The easiest shortcut in this recipe is to skip toasting and crushing the cumin seeds and just use ground cumin but I think the toasted cumin really sings here. I also love the excuse to use my mortar and pestle, which I really struggle to find uses for sometimes.

Also, can I just take a moment to wonder exactly how leeks are the single dirtiest vegetable ever. When you slice into them, almost every inner ring has dirt in it. All other vegetables are made to look supermarket pretty when we see them at stores, but not leeks. Leeks hold fast and firm, demanding that you see the earth that they came from. They will not be made pretty for you. (Okay, I may have gone a little around the bend with that thought. Let’s go back to the recipe.)

Ottolenghi recommends sauteing the leeks in butter and olive oil and I choose to omit the butter. He also does not use aleppo chile pepper but I always have that next to the stove so it tends to find its way into a lot of dishes that did not call for its presence. I like the flavor and I like the color it adds.

For the stock, you can easily substitute vegetable stock. And if you have no stock on hand, a half cup of water with a good chug of white wine vinegar will get the job done, but you will lose some flavor.

You want to have some good bread to eat this with. I ate this sitting in my backyard, which I include a picture of just because my backyard is really pretty. (I can claim no credit for that. Its a shared deck and my neighbor does all the pretty things. But boy do I enjoy the benefits of her labor.) Also, this photo highlights the mysterious speed bump on my back deck. Why are you there, speed bump?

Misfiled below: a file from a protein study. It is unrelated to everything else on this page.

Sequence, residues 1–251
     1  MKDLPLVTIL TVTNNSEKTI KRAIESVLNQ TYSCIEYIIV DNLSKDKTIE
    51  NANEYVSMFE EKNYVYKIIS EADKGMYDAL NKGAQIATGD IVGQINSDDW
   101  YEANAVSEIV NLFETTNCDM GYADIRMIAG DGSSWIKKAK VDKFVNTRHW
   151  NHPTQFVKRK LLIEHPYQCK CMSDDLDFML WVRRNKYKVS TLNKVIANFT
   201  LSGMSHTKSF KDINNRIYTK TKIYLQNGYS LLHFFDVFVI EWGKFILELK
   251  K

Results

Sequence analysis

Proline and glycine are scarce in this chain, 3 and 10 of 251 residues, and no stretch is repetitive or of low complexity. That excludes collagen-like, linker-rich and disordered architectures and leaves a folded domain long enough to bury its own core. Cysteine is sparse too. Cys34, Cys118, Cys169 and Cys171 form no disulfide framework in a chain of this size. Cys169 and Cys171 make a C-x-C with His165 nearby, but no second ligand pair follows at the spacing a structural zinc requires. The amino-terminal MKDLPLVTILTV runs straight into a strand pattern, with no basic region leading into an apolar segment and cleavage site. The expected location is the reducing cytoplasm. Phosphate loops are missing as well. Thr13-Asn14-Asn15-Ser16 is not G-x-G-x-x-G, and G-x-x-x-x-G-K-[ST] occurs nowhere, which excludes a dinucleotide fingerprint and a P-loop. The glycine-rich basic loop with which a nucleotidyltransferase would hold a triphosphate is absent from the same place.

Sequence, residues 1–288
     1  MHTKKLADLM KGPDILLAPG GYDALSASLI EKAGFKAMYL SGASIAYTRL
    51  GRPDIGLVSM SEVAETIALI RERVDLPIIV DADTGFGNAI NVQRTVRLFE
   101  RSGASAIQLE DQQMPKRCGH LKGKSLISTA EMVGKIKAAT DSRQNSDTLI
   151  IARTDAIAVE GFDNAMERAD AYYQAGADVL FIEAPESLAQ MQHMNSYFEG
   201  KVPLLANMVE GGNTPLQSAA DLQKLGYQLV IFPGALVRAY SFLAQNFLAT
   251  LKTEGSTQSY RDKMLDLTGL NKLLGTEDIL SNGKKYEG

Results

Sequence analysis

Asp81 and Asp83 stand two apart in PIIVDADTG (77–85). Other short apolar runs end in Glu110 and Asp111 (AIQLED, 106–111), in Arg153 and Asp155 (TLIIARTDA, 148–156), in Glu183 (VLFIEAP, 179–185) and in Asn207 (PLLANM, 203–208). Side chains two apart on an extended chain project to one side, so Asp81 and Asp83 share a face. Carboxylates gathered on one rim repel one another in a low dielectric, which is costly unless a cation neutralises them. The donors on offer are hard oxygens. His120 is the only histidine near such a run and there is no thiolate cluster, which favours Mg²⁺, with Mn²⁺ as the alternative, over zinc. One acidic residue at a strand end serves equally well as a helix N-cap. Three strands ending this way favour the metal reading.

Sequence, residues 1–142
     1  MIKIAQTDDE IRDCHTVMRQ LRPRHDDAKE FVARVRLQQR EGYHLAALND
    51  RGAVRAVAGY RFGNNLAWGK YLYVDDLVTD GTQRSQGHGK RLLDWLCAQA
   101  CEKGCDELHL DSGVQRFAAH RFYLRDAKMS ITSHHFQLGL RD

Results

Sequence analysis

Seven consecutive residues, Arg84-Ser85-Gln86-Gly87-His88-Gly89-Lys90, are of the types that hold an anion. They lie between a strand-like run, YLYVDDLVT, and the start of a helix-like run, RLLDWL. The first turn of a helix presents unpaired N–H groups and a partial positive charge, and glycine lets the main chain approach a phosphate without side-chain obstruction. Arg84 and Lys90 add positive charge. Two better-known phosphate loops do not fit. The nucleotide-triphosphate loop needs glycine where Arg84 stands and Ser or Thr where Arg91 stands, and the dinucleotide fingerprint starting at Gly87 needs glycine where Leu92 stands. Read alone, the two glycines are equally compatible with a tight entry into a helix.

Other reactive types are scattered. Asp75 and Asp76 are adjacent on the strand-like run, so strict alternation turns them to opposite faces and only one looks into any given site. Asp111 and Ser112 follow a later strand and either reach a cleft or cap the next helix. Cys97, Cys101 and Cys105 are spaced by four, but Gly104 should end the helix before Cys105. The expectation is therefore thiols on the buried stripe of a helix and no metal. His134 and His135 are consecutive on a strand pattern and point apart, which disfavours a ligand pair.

Braised Eggs with Leeks and Spinach
(adapted from Yotam Ottolenghi’s Guardian column)

1/4 tsp cumin seeds, toasted and crushed (or a 1/4 tsp ground cumin)
2 tbsp olive oil, separated (plus more as needed)
1 large leek (or 2-4 smaller leeks), trimmed and sliced
1/4 preserved lemon, seeds discarded, skin and flesh finely chopped
1/2 cup unsalted chicken stock
2 cups baby spinach leaves
1 egg
1 tbsp crumbled feta
1/4 tsp aleppo chile pepper
Salt and pepper to taste
1 tsp za’atar

In a small pan, toast the cumin seeds over medium heat until they are lightly browned, about three to five minutes. Then grind the toasted seeds in a mortar and pestle until they are finely ground. Set aside.

Heat one tablespoon of olive oil in a large saute pan over medium-high heat. Add the leaks and salt and pepper to taste. Cook, stirring occasionally, until leeks have softened, about five minutes. Then add the chopped lemon (juice, flesh and rind) and ground cumin and stir for a minute. Add the stock and simmer for five minutes, until most of the liquid has evaporated.


Add the spinach and fold it in until the spinach has just wilted. Then make a hole in the center of the mixture (or two holes if doing two eggs) and crack your egg into the hole. (I usually add a splash of stock to the pan, around the edge of my pile of greens, just to keep them from sticking to the pan.) Sprinkle feta and aleppo over the top and cover. Cook for four to five minutes.

While the egg is cooking, take a small bowl and whisk together the za’atar and the remaining tablespoon of olive oil until well blended.


Remove the lid and look at the beautiful thing you have made. Scoop into a bowl (spatula is a handy tool for doing this without jeopardizing the integrity of the yolk) and then drizzle with the za’atar oil. Eat immediately with toasted bread.

Arugula Baked Eggs with Yogurt and Crispy Sage Leaves